Anna Belfrage, author of "A Rip in the Veil", "Like Chaff in the Wind", "The Prodigal Son", "A Newfound Land", "Serpents in the Garden", and "Revenge and Retribution" answers 10 questions about her favorite time period in history, her favorite figures from history, and the age old question of coffee or tea.
1. If you could go back in time and be any figure from history, who would it be?
That's like asking a chocoholic what color M&M they want... Actually, I'm not sure I want to be any of my favorite historical persons, because most of them ended up dead far too soon, but one person I would definitely want to meet is Alexander the Great. And Charles I of England. And Joan of Arc. (See why I don't want to be these people? One died young, one was beheaded, the other was burned to death...)
2. What year in history would you have liked to live in?
I would not have wanted to stay all that long, but I would have liked to live for some years in 17th century Providence (present day Annapolis). Preferably as well-to-do as Kate Jones in my books is - otherwise life could be pretty harsh.
3. You're having a dinner party and you can invite 5 people from history, who would they be?
Joan of Arc (I have a thing about brave women) Edward III of England (so that he could explain to Joan just why he felt entitled to the French throne) Charles II and Oliver Cromwell (and boy would they have a lot to talk about) and Thomas Jefferson, because I believe this particular gentleman would be more than adept at navigating the very choppy waters my other guests would cause.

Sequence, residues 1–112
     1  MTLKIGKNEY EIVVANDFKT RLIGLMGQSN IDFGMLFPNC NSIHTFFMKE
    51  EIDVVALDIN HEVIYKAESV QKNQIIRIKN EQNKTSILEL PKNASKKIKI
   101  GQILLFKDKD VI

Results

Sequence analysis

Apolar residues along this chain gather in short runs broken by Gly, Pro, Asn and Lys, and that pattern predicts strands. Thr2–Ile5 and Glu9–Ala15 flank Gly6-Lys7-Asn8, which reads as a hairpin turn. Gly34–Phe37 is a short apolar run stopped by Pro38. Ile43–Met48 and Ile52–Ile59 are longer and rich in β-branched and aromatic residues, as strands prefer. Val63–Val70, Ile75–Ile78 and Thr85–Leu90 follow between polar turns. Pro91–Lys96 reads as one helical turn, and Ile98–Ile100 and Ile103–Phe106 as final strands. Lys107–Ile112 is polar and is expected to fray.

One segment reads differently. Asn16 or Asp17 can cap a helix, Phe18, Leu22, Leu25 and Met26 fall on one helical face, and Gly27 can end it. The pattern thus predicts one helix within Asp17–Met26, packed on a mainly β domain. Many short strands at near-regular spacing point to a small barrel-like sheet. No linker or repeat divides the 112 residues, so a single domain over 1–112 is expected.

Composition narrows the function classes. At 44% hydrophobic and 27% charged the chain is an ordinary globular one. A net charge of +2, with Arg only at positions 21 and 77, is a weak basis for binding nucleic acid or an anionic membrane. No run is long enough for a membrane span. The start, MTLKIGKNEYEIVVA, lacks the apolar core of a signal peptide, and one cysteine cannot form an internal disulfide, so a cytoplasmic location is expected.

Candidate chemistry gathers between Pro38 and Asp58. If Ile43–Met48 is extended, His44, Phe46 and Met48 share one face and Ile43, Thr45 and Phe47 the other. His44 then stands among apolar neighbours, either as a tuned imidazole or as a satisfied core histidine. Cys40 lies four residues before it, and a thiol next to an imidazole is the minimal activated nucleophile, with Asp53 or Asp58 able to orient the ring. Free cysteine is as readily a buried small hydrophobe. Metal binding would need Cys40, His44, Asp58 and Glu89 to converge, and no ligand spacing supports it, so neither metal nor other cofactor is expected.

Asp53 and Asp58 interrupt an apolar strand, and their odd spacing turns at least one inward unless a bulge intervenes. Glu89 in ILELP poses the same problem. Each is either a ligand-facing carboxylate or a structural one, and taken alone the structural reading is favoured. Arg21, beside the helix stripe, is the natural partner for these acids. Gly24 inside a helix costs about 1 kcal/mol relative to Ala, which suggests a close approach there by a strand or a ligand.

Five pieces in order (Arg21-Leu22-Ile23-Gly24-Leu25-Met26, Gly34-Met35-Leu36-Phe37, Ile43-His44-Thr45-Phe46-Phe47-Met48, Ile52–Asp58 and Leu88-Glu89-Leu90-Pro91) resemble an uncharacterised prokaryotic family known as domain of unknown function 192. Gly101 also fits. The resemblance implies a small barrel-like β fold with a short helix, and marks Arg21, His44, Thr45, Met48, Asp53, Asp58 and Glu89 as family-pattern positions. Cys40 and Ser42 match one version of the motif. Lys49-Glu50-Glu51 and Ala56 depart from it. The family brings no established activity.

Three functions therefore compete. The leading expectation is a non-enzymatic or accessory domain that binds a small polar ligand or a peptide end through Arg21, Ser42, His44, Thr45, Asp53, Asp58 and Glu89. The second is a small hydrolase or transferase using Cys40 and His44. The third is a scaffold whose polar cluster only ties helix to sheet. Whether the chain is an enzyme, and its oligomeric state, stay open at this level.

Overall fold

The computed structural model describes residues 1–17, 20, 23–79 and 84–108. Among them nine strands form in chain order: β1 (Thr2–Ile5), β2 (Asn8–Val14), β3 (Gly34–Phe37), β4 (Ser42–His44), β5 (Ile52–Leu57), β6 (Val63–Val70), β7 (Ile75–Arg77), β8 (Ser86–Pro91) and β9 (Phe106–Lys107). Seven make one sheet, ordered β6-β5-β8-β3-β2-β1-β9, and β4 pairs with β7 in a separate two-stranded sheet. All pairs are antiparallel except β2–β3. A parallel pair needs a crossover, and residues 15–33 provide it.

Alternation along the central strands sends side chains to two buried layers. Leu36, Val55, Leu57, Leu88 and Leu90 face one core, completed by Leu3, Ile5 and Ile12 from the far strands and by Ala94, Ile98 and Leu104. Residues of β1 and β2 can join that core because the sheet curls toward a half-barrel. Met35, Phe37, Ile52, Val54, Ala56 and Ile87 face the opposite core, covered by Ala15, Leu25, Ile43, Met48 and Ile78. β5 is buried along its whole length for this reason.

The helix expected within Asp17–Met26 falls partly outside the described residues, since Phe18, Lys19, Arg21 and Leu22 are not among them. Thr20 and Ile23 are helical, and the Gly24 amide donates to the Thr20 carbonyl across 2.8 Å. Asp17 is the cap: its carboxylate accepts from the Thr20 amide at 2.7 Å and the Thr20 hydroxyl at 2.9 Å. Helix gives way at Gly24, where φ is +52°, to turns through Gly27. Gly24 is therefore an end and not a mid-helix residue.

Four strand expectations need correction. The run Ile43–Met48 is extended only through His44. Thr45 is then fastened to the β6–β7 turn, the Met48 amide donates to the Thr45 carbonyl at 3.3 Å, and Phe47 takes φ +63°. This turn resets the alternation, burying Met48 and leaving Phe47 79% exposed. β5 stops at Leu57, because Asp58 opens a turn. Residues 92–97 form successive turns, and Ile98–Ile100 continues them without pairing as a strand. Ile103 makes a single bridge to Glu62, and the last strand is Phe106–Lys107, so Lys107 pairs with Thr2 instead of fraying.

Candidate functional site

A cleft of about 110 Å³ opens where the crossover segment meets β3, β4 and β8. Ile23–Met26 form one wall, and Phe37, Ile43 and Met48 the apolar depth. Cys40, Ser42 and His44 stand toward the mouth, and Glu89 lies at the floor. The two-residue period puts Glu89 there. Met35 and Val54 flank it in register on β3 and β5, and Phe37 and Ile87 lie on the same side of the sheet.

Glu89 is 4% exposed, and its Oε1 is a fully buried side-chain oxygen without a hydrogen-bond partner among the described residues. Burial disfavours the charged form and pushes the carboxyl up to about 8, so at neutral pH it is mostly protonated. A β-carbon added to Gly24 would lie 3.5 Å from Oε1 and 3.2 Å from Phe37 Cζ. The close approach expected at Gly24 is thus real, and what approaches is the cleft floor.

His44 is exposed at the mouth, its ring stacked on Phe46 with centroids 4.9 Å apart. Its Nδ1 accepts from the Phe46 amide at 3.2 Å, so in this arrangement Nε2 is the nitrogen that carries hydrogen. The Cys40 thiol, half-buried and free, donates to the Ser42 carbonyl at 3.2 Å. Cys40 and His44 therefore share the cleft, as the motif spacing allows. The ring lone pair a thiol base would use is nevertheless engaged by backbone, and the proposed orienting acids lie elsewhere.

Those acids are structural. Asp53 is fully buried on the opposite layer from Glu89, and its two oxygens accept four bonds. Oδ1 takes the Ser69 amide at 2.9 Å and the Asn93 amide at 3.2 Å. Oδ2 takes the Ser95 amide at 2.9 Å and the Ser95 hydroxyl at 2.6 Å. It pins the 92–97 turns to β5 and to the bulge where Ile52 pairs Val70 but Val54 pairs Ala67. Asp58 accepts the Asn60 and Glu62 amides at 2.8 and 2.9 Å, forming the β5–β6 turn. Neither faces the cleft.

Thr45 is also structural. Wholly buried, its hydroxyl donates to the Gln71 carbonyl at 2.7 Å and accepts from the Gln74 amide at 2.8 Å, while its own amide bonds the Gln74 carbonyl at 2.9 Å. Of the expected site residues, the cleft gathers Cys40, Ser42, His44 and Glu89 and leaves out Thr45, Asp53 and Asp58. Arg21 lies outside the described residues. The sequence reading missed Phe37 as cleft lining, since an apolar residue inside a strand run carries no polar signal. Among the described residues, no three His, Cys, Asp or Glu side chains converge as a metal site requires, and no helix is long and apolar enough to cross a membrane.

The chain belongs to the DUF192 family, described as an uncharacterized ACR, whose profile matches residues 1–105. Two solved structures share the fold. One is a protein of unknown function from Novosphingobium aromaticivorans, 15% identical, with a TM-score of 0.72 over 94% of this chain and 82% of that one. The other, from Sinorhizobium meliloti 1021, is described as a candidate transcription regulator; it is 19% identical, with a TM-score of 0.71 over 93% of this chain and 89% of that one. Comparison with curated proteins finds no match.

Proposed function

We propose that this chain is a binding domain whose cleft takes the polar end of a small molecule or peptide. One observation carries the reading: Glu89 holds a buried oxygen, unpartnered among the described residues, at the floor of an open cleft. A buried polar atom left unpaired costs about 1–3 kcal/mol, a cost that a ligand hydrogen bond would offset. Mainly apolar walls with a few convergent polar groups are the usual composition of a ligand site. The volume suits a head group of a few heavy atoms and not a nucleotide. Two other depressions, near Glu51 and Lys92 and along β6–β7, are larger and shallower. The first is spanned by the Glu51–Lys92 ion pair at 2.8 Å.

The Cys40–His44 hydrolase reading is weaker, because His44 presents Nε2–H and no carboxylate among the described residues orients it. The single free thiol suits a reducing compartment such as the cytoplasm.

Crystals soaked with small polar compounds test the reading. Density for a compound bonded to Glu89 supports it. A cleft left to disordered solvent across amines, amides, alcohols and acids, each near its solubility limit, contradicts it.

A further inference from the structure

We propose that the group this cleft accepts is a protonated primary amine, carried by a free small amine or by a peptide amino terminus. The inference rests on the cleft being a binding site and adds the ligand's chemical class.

4. What castle from the past or present would you like to live in?
The Alhambra in Granada - nice weather, fantastic architecture and a view to die for! No wonder Boabdil stopped and wept when he left this little gem of a palace back in 1492, evicted by the armies of Ferdinand and Isabella.
5. Two fellow historical fiction authors you'd like to go on a history themed tour of the world with?
Sharon K Penman and Pamela Belle - that way we can do everything from Medieval England to the English Civil War.
6. Who was more dashing and interesting, King Henry VIII of England or King Louis XIV of France?
Louis XIV - he was definitely the far more dashing of the two, especially as the year progressed, and he had the added benefit of not chopping off so many heads.
7. Which of the six wives of King Henry VIII is your favorite?
I'm not a major fan of the Tudors, but the wife who has always impressed me by her combination of naivité and pragmatism is Anne of Cleves, who actually achieved a cordial and respectful relationship with Henry after their divorce. Plus she was a mean cook...
8. English monarchy or French monarchy?
English, any day. But that may also be due to more familiarity with all those English dudes...
9. What three novels could you read over and over?
"Here be Dragons" by Sharon K Penman, "The Moon in the Water," by Pamela Belle and "For Whom the Bell Tolls" by Hemingway.
10. Tea or coffee when writing?
Tea! Black, no sugar and no fake fruity flavors. But I don't mind a cookie or two!
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